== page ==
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Sunday, June 16, 2024

The Reluctant Battle: Banishing Deepfake Ads from the Inside

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In Short:

Voters are likely to come across more fake digital content online than on traditional media. The government has not provided solutions for digital political ads. The FEC has yet to create rules for FCC-like disclosures on all political ads. Tech companies may need to take on the responsibility of protecting elections from disinformation. Time is running out before the presidential election, and regulations are needed soon.


Concerns Over Digital Fakes in Political Ads

The advocacy group Public Citizen has petitioned the Federal Election Commission to create rules that would require FCC-like disclosures for all political ads, regardless of the medium. However, the FEC has yet to take action on this request. A report from The Washington Post in January indicated that the FEC intends to make a decision by early summer, but as the season approaches, little progress has been made. The Senate Rules Committee recently passed three bills aimed at regulating the use of AI in elections, including disclosures, but it remains uncertain if these bills will be addressed in time to make a difference.

With only 166 days until the presidential election, time is running short to implement regulations related to AI disclosures. Without clear guidelines, tech companies will likely bear the responsibility of safeguarding elections from disinformation. Meta has already announced rules requiring political ads containing AI-generated content to include disclaimers, while TikTok prohibits political ads and mandates labeling of AI content that depicts realistic images, audio, and video.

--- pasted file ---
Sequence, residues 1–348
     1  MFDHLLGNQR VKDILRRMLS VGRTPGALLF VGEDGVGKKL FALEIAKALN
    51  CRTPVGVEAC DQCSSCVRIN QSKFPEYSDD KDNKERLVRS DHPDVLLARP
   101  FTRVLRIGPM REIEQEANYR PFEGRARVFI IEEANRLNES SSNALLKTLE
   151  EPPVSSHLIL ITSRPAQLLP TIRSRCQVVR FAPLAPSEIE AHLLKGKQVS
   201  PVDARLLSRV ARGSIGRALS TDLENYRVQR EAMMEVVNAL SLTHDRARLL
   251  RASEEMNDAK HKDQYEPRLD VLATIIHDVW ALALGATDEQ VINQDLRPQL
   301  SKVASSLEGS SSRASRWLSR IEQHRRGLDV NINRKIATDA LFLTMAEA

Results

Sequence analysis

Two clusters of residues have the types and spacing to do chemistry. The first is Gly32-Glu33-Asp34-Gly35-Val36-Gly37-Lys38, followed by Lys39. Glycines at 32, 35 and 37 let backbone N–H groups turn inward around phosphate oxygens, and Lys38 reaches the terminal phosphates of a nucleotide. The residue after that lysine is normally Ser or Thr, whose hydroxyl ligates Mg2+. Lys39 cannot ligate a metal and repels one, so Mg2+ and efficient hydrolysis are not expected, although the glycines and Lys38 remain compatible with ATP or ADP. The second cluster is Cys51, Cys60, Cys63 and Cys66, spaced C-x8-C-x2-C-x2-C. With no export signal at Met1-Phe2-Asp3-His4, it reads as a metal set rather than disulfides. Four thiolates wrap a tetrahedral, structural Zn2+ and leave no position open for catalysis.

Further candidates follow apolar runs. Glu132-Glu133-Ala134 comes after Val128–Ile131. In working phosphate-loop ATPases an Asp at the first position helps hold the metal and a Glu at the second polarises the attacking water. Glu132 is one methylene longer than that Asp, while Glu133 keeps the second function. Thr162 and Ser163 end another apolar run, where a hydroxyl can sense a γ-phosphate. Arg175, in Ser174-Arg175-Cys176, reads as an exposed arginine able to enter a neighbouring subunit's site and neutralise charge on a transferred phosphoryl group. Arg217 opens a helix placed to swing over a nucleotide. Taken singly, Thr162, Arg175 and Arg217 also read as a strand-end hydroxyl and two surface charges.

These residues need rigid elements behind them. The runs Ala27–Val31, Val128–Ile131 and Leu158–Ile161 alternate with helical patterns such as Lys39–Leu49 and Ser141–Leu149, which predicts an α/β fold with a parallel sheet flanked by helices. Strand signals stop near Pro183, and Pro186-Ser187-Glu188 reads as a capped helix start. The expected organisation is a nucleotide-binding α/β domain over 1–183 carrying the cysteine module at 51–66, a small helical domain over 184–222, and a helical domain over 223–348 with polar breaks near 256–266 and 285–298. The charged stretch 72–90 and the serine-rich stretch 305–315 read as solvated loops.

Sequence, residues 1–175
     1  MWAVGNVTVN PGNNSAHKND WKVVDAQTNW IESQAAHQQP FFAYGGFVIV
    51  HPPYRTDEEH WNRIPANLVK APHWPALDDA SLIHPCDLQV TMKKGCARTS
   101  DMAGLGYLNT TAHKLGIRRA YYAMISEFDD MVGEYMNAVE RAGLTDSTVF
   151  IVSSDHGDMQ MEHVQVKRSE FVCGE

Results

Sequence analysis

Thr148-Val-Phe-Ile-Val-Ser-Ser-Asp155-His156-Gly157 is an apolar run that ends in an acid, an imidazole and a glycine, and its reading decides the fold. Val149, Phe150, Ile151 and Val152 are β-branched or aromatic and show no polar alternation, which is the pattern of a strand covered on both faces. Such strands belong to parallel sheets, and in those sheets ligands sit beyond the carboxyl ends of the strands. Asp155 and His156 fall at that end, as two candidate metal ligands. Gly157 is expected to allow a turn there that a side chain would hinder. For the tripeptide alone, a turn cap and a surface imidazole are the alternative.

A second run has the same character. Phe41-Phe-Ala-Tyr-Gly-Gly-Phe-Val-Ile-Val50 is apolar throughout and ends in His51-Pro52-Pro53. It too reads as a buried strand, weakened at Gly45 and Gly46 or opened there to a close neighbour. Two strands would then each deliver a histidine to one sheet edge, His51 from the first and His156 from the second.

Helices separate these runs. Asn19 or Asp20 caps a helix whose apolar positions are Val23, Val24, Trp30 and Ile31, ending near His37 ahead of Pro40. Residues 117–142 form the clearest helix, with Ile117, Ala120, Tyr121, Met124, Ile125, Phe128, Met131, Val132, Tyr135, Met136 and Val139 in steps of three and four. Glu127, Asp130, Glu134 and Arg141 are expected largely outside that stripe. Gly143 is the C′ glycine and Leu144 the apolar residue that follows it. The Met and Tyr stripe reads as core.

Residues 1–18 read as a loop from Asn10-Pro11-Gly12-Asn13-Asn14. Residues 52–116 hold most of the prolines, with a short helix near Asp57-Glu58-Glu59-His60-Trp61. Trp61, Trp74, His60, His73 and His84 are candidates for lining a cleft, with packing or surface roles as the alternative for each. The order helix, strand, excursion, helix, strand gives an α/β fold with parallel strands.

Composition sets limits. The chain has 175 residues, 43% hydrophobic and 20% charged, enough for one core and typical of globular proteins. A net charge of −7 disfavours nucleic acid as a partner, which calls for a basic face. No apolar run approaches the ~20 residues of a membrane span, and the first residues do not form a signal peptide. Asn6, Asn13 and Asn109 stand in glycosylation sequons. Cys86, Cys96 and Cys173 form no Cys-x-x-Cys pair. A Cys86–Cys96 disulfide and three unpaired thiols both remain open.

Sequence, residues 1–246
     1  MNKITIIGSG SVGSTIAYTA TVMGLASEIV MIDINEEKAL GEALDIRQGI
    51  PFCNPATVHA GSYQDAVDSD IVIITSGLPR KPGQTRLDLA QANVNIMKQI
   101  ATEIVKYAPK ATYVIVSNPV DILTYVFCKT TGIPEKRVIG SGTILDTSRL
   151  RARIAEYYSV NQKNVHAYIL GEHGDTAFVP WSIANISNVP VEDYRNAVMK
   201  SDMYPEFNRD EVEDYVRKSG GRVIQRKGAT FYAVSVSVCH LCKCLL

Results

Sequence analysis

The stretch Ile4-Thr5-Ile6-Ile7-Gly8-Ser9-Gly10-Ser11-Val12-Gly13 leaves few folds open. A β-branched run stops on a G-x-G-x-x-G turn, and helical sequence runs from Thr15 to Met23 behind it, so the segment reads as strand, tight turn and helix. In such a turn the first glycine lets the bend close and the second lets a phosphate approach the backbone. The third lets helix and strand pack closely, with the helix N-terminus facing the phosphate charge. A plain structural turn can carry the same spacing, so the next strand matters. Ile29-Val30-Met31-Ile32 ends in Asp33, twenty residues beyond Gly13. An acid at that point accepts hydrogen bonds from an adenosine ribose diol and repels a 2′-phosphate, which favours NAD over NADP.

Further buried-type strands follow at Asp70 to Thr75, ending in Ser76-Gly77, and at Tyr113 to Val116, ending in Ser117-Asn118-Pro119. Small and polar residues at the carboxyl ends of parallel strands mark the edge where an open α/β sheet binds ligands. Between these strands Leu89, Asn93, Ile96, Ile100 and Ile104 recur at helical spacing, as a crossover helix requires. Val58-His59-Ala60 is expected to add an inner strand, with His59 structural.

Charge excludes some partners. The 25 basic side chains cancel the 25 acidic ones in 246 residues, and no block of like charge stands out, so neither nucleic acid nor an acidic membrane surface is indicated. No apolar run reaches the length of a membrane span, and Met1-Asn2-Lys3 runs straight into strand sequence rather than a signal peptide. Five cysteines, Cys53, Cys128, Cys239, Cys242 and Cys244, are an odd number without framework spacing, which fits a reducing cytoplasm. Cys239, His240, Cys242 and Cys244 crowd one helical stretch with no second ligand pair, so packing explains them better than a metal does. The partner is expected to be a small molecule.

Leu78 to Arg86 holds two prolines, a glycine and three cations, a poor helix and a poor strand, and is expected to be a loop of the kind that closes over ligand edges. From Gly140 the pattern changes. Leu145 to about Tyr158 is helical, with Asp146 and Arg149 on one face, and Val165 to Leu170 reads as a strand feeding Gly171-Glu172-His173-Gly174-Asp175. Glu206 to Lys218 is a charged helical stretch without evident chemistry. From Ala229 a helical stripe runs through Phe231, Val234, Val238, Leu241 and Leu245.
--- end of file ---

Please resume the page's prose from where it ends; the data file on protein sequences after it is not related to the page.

The absence of regulatory consequences for tech companies before the election raises concerns about the potential risks of misinformation. Congress or regulatory agencies will need to provide guidance in the coming months to address these issues effectively.

The Chatroom

Listeners were asked to share their experiences following politics online since the last presidential election. Whether navigating to news sites for updates, maintaining relationships with social media platforms like X/Twitter, or subscribing to newsletters, feedback is encouraged.

WIRED Reads

What Else We’re Reading

🔗 See How Easily A.I. Chatbots Can Be Taught to Spew Disinformation: An experiment by The New York Times involved creating two chatbots—one liberal and one conservative—that delivered partisan responses to political questions, mirroring online interactions.

🔗 The Good News for Biden About Young Voters: Despite a decline in support among young voters compared to 2020, the situation may not be as dire as it appears for Biden.

🔗 OpenAI Just Gave Away the Entire Game: Scarlett Johansson’s response to OpenAI’s latest voice model highlights the data practices of the company.

The Download

The WIRED Politics Lab podcast recently ranked in the top 20 in Apple Podcast’s news category and was recognized as one of Amazon Music’s best podcasts of the week. In the latest episode, discussions revolved around the future of digital political communication and its implications, including the New York–Dublin Portal.

For more insights, tune in to the podcast here.


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